Do you find that Gebhardt's has any pungency at all? I tried it several years ago and found it lacking any heat. It was just ground red stuff. Do you use it for some reason other than for its coloring the chili?
Now Ro-Tel is a different story. It has some heat. The company from which I retired at one time owned Ro-Tel, American Home Foods. That was a long time ago.
Altho I live on the East Coast, my auto license plate reads "TX CHILI." I've been to Texas 3 times on business, twice to Dallas and once to San Antonia. I like the people, very friendly.
Well as noted in my first post above, Gebhardt's is what grandmama used so it's what chili "should" taste like - for me anyway.
It's not really hot, but it has the flavor I require to be "just right". I often add heat in the form of crushed red chiles or even just a dusting of powdered cayenne. (Or Aleppo.) (Or Kashmiri.) (Or...)
And to be honest, I often blend, (adulterate?) my Gebhardt's with something from my local herberia, like ground ancho, cascabel, etc.
I've never been known to "leave well enough alone".
I have the same inclination of never leaving well enough alone. I have no written recipe for chili, and I may use the same ingredients time after time, but I do very little measuring. Every batch of my chili is the result of experimentation. The only constants are the meat and the heat from the chiles.
No recipes for me either.
I may have posted my general recipe on some forum or another, but I've never written down my grandmama's recipe before the post above. She passed away in '76 I think.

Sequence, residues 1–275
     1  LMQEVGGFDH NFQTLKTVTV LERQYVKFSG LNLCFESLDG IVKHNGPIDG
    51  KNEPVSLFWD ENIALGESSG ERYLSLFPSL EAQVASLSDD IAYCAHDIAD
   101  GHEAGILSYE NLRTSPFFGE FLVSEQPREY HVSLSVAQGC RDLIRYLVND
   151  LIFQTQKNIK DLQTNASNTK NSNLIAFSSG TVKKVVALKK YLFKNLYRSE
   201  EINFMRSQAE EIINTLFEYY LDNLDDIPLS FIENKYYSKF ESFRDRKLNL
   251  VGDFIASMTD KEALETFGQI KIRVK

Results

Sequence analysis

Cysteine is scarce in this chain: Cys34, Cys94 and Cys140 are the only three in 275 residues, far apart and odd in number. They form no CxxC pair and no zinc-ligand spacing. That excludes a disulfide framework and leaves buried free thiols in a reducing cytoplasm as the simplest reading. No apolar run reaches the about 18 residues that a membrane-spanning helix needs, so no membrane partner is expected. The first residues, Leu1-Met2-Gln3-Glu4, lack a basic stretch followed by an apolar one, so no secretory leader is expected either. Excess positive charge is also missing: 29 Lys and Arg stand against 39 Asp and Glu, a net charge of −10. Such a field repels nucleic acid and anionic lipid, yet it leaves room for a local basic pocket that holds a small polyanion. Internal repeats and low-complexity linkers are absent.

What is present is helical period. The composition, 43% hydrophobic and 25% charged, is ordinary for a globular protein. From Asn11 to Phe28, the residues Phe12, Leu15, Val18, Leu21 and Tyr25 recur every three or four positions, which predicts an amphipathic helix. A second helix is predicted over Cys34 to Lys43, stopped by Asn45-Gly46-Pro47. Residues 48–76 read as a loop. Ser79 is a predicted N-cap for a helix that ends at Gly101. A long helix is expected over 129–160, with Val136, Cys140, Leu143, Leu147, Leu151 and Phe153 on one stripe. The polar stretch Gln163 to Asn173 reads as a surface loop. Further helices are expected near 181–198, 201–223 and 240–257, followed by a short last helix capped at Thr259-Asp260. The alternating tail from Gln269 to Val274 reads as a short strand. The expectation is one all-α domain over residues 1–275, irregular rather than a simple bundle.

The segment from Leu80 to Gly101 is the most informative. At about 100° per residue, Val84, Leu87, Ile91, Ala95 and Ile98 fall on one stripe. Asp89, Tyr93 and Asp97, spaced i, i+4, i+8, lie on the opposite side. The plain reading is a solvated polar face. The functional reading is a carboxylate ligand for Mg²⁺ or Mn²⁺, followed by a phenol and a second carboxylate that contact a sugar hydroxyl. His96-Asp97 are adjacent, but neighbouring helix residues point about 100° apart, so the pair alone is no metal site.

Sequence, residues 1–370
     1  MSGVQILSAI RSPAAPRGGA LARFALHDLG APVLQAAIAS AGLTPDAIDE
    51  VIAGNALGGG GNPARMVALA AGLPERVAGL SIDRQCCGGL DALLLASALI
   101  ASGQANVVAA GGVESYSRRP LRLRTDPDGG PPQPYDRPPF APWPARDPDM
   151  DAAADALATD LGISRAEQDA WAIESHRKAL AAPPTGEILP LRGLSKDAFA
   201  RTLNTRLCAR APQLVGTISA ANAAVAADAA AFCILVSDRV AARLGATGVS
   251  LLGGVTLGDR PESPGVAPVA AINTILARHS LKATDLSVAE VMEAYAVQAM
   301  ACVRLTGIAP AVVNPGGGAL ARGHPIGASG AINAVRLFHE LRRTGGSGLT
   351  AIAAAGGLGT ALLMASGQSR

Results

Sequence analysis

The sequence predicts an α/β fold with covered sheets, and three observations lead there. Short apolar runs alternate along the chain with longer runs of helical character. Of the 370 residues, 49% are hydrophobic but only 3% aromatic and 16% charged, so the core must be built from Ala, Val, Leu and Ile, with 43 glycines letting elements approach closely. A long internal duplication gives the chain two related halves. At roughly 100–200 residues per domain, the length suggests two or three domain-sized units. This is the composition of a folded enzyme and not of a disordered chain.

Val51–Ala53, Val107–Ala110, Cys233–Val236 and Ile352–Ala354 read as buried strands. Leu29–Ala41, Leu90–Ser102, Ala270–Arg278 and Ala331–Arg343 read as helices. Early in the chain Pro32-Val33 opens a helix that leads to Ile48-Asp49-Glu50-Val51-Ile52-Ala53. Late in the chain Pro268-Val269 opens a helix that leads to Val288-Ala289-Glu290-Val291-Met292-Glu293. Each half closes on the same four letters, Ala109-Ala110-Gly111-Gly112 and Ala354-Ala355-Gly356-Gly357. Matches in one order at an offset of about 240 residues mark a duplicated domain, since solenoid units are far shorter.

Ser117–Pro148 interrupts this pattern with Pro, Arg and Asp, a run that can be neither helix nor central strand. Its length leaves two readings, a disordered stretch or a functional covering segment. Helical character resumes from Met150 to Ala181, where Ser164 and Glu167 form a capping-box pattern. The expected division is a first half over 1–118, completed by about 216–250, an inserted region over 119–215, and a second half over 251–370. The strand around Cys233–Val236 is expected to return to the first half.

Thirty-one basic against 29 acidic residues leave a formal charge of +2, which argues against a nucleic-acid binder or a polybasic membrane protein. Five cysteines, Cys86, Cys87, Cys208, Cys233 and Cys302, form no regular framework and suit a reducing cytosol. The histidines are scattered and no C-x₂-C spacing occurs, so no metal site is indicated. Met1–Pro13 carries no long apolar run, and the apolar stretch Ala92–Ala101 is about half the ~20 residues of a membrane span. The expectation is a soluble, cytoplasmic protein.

She wasn't known as a great cook, BTW. I can't think of anything else she cooked for us except Pillsbury biscuit donuts.
But I remember that chili.
Pungency or heat?
I bought my first jar of Gebhardt's a few months ago at Grocery Outlet. I think its heat level is about right, similar to ancho or New Mexico red. So as the main chili flavor it works. If you like your chili hotter, it is easy to add more heat, whether with a hot sauce, or a hotter ground pepper.
On the other hand a chili made with just a hot pepper, say arbol or pure hot sauce is going to be all heat, with no depth or breadth of flavor. I'd rather get the base right, and then tweak the heat.
For today's batch (using ground beef and black beans) I used a variety of peppers - Gebhardts, NM red, Spanish paprika, canned diced green Hatch, a enchilada sauce, and bottled ranchero.
I use the word 'pungency' to indicate the incendiary quality of capsaicin. I order my chile powders from Pendery's in Fort Worth because I found Gebhardt's totally lacking in 'heat.' Pendery's has a website.
However, I grow chile plants and preserve them to have the pods year round. I like cayenne and bhut jolokia pods. Currently I have loads of pods from a hybrid that accidently appeared in my garden. One parent cultivar was a bhut jolokia, but I haven't a clue what the other parent was other than a C. annuum cultivar. This hybrid has the 'pungency' of the ghost pepper, but is smooth rather than wrinkled.
I consider beans in chili HERESY! However, I have beans for breakfast every morning in a nutriceutical that I make and I call 'arrabbiato minestrone denso' (spicy thick soup) that keeps my cholesterol level low.
I made the Spicy Slow Cooker Beef Chili from Chow last night and just ate it. This was my first time making a red beef chili by myself, so I wanted to start out easy. (I normally make chicken chilis.)
I cut the chili powder in half, as a quarter cup sounded extreme. Wish I hadn't; barely had any kick to it. I also rforgot to add the green chiles at the end....
Anyway. It turned out okay. Similar to what my mom has made my whole life. Served with corn muffins, cheese, scallions, and sour cream.
I'll try something more adventurous next week!
White bean chicken chili for dinner here tonight. Chicken thigh meat, grilled and chopped, tons of roasted poblano peppers, some fresh jalapenos, onions, garlic, cilantro, cumin, chile powder, cayenne, etc. I cooked the white beans in the slow cooker and they got a bit overdone, but it ended up working as they disintegrated and turned into a fabulous thick soup. I added some canned ones at the end so there were some whole beans in the mix. Not terribly spicy but very flavorful.